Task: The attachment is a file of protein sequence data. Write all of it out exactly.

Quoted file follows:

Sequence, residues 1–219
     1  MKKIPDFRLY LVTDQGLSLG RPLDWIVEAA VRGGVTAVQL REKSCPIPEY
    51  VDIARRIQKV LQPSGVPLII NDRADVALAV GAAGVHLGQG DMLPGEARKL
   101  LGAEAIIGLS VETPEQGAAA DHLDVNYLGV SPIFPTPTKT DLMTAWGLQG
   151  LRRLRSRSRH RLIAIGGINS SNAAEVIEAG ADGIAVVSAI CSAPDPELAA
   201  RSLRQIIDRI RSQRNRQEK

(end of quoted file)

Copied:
Sequence, residues 1–219
     1  MKKIPDFRLY LVTDQGLSLG RPLDWIVEAA VRGGVTAVQL REKSCPIPEY
    51  VDIARRIQKV LQPSGVPLII NDRADVALAV GAAGVHLGQG DMLPGEARKL
   101  LGAEAIIGLS VETPEQGAAA DHLDVNYLGV SPIFPTPTKT DLMTAWGLQG
   151  LRRLRSRSRH RLIAIGGINS SNAAEVIEAG ADGIAVVSAI CSAPDPELAA
   201  RSLRQIIDRI RSQRNRQEK